UK government body has issued ten coronavirus related scams that we should be aware of and how to spot them. So far, since lockdown began, Action Fraud has logged reports from 2,378 victims across the United Kingdom who have lost a total of more than £7,000,000 to scammers. So be careful.
There are a number of simple steps that you can take to protect yourself the most important to note is that official organisations such as HMRC, NHS, Banks etc… will never ask you to reveal passwords and financial details by phone or by email. If you follow that rule you’re half way there. Always report suspicious emails to the Suspicious Email Reporting Service (SERS).
Sometimes these scams are so cleverly put together that it can fool even the most switched on and cautious of people. So here is a recap of the 10 most common scams, currently going on.
- NHS track and trace phishing emails. Claims the recipient may have COVID-19 and contains a link to a fake website which will steal personal and financial details or infect devices with malware.
- Fake adverts for non-existent COVID-19 products. So you pay for the products and the products of course never arrive. So steer clear of unknown and suspicious suppliers and use sites such as Amazon, Boots, and Superdrug etc… If it is a company you do not know check google reviews and always use a credit card as you are protected against fraud.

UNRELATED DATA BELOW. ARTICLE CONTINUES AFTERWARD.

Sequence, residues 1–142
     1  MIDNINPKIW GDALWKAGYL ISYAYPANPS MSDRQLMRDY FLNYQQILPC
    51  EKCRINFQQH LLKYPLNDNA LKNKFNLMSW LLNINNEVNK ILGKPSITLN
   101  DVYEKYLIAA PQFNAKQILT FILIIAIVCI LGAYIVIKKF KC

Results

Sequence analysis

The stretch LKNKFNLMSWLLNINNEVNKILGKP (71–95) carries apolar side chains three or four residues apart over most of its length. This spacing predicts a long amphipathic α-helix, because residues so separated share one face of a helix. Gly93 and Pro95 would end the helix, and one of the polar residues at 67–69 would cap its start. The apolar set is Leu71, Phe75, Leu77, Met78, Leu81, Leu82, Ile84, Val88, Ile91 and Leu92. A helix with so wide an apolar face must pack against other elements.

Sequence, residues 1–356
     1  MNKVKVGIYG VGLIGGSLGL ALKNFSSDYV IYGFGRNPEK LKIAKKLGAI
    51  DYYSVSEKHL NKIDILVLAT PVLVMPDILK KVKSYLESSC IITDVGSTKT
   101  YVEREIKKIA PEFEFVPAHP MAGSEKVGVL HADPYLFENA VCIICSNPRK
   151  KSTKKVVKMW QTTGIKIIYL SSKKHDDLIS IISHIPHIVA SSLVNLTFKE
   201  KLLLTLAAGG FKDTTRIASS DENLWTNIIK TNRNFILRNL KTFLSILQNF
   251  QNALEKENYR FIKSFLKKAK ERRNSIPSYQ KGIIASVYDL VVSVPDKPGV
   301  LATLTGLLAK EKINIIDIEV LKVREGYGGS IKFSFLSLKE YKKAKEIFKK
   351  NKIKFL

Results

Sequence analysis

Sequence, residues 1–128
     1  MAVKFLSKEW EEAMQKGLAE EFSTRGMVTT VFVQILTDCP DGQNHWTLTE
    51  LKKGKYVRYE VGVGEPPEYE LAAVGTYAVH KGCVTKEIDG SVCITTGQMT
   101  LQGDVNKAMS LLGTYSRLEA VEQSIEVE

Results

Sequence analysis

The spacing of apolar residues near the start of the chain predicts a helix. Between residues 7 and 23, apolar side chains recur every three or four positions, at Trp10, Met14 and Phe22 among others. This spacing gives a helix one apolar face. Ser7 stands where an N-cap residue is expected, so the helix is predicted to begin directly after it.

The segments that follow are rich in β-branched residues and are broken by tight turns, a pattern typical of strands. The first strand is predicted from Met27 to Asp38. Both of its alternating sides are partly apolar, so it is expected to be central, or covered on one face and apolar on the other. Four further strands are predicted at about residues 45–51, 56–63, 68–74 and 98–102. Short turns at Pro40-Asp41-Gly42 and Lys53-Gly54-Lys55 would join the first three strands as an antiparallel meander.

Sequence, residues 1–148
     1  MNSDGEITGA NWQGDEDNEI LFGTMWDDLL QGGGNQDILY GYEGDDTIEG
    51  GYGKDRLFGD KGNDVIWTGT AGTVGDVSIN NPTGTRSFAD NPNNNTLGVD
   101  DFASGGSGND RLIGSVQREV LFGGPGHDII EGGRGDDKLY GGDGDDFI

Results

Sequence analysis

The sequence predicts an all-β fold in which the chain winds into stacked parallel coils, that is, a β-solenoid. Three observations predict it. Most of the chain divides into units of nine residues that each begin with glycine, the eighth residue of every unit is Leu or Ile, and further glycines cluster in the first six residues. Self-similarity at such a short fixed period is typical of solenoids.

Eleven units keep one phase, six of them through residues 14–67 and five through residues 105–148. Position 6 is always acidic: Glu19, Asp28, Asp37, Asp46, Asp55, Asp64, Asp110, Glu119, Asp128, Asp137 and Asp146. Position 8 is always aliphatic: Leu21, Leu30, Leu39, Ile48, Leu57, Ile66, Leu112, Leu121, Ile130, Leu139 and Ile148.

- Fake Government websites offering grants. Do not click on the link.
- This one has caught out a number of people. It concerns Covid-19 relief grants. Inviting you to complete a form and hand over personal information.
- Council tax reduction emails. Containing a link to a fake government website.
- Universal Credit assistance. This is where the fraudster’s email offers to help with applications in exchange for an advance payment. People have been duped into this many times.
- TV licence fees. The email tells the victim there is an issue with their direct debit and redirects them to a fake site to pay the overdue amount.
- Another one on TV licences. Here the fraudster invites the victim to update their payment details. Armed with this information they will spend on credit cards.
- Fake investment adverts especially crowd funding and always on social media. The fraudster makes a, urging their targets to put money into fake investment
- Fake social media profiles. Fraudsters use identities of real people and try to chat and manipulate you into handing over money. This has been going on for some time and there are horror stories of victims being duped into tens of thousands of pounds
Roger GUNNING FCMA CGMA